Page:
Families are a critical audience for art museums and museums use many different strategies for reaching families, such as special family days and festivals, workshops, special tours, family backpacks and gallery guides, in-gallery materials or demonstration carts, and specific family galleries.
Here is a practical guide based on research that helps art museum educators understand the role and value of spaces designed for families and helps them to create dedicated spaces for intergenerational play and learning.
This book features insights, best practices, and lessons learned from years of experience in creating dedicated spaces for families in a wide range of art museums. Through case studies, in-depth stories, and engaging graphics and images this book identifies key issues that museum professionals need to consider when developing family spaces in museums.
This book is a how-to guide to creating or updating an interactive family space. Everything you need to know, soup to nuts, from understanding your audience to hiring a designer and opening your doors to the public is here.
Each section is situated within groundbreaking visitor research findings and how museum educators have used those findings to better understand the family audience and develop fun, safe, inclusive, spaces that inspire wonder and curiosity, as well as places for meaning-making and family bonding, all in the service of creating loyal and committed museum visitors.
Julia Forbes is the Shannon Landing Amos Head of Museum Interpretation at the High Museum of Art in Atlanta, Georgia. She manages the development of all materials (docent-led tours, audio tours, interpretive gallery tools, labels, mobile technologies, etc.) used by visitors to learn about the Museum’s permanent collection and special exhibitions, including the Greene Family Learning Gallery. Julia has held education positions at the Smithsonian’s National Portrait Gallery, Washington National Cathedral, the Walters Art Museum, and the Smithsonian’s National Museum of American History. She has developed exhibitions in a team setting and participated in the creation of interactive spaces for families in a wide range of museum settings. She served as the Eastern Region Director in the Education Division of the National Art Education Association, is the vice president of the Association for Art Museum Interpretation and was honored as the Eastern Museum Educator of the Year for 1998. She has degrees in Art History and Cultural Anthropology from the University of California at Santa Barbara and a master’s degree from the George Washington University in Art History/Museum Training.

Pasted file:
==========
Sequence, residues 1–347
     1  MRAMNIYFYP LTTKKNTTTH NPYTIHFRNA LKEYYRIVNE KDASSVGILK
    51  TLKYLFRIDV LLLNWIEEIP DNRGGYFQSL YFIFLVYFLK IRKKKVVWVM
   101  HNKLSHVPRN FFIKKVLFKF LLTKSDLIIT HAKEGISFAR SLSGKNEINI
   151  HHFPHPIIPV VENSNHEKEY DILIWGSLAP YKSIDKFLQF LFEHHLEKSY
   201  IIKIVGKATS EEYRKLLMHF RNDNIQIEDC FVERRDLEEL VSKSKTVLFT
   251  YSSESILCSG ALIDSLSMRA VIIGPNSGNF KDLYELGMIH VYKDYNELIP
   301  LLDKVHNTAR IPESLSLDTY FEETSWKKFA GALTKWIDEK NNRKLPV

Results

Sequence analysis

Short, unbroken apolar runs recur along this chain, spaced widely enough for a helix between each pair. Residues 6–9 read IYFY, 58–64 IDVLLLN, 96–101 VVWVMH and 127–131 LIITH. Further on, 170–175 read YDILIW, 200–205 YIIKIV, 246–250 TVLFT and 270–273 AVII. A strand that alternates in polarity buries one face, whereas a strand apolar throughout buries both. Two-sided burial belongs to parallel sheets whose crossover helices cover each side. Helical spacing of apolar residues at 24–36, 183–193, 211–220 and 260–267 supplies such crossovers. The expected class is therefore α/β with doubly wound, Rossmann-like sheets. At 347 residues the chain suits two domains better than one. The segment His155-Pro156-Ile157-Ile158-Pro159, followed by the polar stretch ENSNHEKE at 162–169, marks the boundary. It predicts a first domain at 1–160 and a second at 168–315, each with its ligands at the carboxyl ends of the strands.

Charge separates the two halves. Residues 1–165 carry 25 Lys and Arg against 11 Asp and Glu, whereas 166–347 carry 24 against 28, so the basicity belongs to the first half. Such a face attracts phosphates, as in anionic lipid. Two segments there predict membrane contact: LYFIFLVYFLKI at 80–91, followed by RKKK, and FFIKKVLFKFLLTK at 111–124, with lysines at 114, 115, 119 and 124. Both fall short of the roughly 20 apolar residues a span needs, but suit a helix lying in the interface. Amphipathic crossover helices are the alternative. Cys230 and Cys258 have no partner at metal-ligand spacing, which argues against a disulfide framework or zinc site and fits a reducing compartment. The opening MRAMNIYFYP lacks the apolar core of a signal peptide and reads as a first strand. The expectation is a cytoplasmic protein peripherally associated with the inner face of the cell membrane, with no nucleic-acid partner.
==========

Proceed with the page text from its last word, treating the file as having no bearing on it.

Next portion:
Forbes has over thirty years of experience in developing activities for families in a dedicated space. From the National Museum of American History’s Hands on History Room, to Washington National Cathedral’s Cathedral Medieval Workshop and two iterations of the High Museum’s Greene Family Learning Gallery, she has deep expertise in thinking about how intergenerational learning and play impact children and their caregivers in the museum setting. Forbes has presented on this topic at all the major museums conferences and was one of the leads on the IMLS funded study “Family Learning in Interactive Galleries” published online in 2011.